The one thing that stopped me from choosing the A5100 over the A6000 was the lack of dedicated buttons and dials for controlling your settings. Although it has the exact same 24.3 MP sensor, the A5100 is even smaller than the A6000 and that means you’re forced to dig into the menu system in order to play with your settings. This would have resulted in me having a full blown frustration tantrum on a mountaintop and launching the A51000 off a cliff, so I chose the A6000 due to its two dials and three customizable buttons, way more user friendly but man I miss that XVID codec.
If you’re switching from DSLR to a Sony Mirrorless, be prepared to be completely underwhelmed by the horrifically pixelated joke of an electronic viewfinder. DSLR users will look through that thing and feel that there is no chance their image will turn out well. Don’t be dismayed. Just use the viewfinder to set your focus and view your settings but don’t for one second think that your lovely RAW file will remotely resemble the grainy atrocity on display through that poxy peephole.
Apparently the viewfinder on the RX1 is infinitely better, but at almost $2800 it should be. If you can live with the lame EVF of the A6000 which is the same as on the much more expensive A7R, you’ll be fine. It took me a bit of getting used to when I switched from DSLR but once you’ve seen those gorgeous RAW files, you’ll come around.
Flash fanatics will be delighted to learn that the A6000 has a multi-interface hot shoe slot on the top of the camera. This is also great for videographers who want to add the external mic. Sadly there are no software audio level controls when recording video on the A6000 and that is a MAJOR let down. Again, Sony could have included that software which is available on the A7R but in their wisdom, decided not to.
Like all of the current alpha range, the A6000 allows you to install Sony apps for extended functionality (and cost). The Time Lapse app had an update a few months ago that has made it much more usable. Other apps include remote control, star trails and a bunch of other awful ideas I’ll never bother to download or use.
The A6000 does have a built in flash that pops up dramatically. You can even angle the flash to point up at the ceiling to bounce the light.
Like the A7, A7R and A7s, the A6000 has a tilt screen which you can angle for low or high shots and still be able to view the screen comfortably. I love this feature and although the A6000 has a smaller screen than the A7R, it works well while fitting into the smaller frame of the chassis. When cameras at this price point all seem to be able to include this technology it baffles me why the likes of Canon and Nikon exclude this feature on their high end cameras.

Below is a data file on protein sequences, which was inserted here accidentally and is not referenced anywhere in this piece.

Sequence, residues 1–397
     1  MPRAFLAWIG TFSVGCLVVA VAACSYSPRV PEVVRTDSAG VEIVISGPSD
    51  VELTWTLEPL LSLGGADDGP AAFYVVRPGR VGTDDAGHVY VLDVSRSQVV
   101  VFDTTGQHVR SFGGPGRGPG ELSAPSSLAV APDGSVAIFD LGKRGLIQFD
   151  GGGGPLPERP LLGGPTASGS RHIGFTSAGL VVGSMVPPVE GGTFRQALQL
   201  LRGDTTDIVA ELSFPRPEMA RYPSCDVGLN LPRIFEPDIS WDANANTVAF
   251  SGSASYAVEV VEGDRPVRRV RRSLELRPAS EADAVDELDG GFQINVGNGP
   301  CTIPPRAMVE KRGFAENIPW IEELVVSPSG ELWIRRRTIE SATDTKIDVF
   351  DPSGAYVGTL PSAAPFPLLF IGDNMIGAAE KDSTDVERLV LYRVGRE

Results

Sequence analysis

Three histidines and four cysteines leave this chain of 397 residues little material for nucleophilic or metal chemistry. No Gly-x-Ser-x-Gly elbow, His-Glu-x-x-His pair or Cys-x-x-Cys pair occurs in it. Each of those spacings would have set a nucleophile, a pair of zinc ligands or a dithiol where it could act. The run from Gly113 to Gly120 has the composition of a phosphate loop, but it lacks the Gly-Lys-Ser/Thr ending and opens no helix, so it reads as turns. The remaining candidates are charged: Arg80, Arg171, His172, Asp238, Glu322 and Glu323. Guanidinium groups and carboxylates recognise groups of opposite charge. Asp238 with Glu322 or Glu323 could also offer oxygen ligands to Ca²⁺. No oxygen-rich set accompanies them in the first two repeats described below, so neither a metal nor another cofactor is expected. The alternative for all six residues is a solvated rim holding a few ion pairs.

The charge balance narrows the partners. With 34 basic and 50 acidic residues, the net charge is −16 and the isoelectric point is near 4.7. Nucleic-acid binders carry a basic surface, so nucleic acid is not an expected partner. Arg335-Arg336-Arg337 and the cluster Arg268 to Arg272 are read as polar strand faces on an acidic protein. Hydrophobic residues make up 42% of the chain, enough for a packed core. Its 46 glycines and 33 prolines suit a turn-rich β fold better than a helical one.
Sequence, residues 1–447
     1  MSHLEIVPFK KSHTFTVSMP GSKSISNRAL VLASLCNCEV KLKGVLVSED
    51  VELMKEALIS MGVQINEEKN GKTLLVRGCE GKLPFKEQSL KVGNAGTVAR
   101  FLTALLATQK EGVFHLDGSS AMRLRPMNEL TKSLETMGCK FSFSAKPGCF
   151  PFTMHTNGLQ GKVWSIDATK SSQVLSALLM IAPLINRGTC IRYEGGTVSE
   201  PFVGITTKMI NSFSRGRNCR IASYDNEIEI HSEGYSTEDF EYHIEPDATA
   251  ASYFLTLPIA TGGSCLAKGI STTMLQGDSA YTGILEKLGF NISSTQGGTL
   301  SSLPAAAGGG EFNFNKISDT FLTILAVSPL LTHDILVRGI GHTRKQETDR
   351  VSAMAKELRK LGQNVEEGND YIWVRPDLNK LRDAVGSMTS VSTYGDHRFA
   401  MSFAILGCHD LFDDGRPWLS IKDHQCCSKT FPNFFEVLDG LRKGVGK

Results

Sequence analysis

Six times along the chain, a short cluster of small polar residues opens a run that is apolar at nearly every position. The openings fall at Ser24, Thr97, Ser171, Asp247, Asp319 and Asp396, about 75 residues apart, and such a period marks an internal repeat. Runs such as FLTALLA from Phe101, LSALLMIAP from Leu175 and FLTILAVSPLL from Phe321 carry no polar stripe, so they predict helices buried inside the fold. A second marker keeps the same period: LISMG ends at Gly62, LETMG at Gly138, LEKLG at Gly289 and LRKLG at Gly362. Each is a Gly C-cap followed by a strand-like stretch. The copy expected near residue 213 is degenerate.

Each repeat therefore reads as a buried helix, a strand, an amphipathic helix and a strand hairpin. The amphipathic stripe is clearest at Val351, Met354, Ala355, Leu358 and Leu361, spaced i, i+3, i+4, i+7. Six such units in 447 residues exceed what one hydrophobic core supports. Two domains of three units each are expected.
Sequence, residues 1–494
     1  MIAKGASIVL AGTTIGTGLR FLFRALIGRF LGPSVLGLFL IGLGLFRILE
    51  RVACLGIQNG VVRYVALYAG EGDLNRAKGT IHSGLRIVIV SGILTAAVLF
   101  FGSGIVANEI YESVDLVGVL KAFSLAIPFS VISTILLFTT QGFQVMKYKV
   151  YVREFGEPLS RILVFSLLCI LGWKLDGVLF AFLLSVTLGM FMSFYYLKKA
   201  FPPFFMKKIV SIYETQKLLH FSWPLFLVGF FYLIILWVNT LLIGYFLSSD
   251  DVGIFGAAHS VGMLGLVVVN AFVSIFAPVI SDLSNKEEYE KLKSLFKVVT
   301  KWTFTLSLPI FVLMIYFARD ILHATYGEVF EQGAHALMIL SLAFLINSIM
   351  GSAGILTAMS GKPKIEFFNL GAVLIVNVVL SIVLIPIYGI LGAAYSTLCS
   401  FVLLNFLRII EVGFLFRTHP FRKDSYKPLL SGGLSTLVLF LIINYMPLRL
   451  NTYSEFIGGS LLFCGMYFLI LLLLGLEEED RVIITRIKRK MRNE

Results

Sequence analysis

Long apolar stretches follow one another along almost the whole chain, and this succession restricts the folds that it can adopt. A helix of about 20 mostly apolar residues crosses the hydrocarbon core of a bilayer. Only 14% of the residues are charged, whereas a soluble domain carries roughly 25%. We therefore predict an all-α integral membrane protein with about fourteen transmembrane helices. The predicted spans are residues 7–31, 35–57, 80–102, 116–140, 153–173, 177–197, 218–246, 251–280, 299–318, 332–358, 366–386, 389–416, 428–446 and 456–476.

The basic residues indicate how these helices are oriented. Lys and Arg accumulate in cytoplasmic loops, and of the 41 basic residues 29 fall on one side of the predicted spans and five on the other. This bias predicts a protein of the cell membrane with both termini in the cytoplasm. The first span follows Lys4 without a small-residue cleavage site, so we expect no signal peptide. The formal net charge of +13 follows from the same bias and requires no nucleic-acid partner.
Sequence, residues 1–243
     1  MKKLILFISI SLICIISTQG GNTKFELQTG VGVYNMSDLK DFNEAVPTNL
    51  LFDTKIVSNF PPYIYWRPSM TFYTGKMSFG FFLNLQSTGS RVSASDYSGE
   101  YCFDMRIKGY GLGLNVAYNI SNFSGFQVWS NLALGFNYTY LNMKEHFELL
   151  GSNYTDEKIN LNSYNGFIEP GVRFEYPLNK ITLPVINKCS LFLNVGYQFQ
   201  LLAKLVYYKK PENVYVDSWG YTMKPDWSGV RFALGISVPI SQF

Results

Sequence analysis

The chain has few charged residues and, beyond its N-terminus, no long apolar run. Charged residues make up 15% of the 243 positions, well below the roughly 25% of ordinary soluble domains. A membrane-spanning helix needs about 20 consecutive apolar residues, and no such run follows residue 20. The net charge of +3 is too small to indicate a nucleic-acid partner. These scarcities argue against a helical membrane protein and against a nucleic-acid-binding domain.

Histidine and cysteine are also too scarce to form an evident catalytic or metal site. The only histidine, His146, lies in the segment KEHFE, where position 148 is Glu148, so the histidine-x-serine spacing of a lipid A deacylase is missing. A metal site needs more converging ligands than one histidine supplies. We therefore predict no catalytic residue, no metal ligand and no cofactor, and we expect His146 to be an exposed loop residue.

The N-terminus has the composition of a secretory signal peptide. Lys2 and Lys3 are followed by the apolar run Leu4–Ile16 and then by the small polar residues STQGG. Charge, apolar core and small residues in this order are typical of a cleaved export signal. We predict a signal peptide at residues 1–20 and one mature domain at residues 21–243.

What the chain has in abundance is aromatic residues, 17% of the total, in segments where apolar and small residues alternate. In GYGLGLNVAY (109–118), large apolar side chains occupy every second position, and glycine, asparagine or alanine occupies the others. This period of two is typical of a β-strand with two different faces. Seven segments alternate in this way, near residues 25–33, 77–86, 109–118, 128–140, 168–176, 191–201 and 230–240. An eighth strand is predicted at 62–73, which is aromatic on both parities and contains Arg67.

While I’m delighted that the A6000 does have a tilt screen, it has to be said that the screens image quality is pretty shabby compared to the screens you’ll see on the likes of the Olympus OM-D EM1. I heard a rumour that Sony makes those screens for Olympus so why not include that technology in the A6000? Perhaps that would have jacked up the price to a place where Sony didn’t feel comfortable.
Although nowhere near the longevity of a Canon DSLR battery, the FW50 batteries last longer in the A6000 than they do in the A7R. Just like the A7R, you won’t get a battery charger with the A6000 either so your options are to connect the charger cable directly to the camera or buy a third party charger. I’d recommend the latter as you’ll soon wear out the multi/charge socket on the camera.
This is a non-issue with the A6000. Unlike its noisy big brother the A7R, which has a super loud shutter noise (that I love), the A6000 has a very quiet shutter so you won’t startle the koala bears.
That depends on your needs. If like me, you use the A7R as your main camera, the A6000 is the logical choice for your backup camera. It shares the same menu, batteries, lens mount and can be configured to be almost identical in operation to the A7R.
If you’re a DSLR user that’s used to the APS-C sensor size, the main thing you’ll struggle with is the EVF. Once you’ve gotten used to that, you’ll enjoy the superior image quality, customizable controls and most of all, the adorably small size of this wrist saving camera. Shoot with one of these for a week and then try going back to your clunky DSLR. Your old camera will feel like a breeze block.
Canon videographers will find little reason to switch due to the average codec and lack of audio level controls on the A6000.
First time camera buyers will love this camera because of its image quality, portability and price.
With that well considered summary, I’m awarding the Sony A6000 four out of five stars. They could have achieved five stars with a better quality LCD that included touch screen functionality.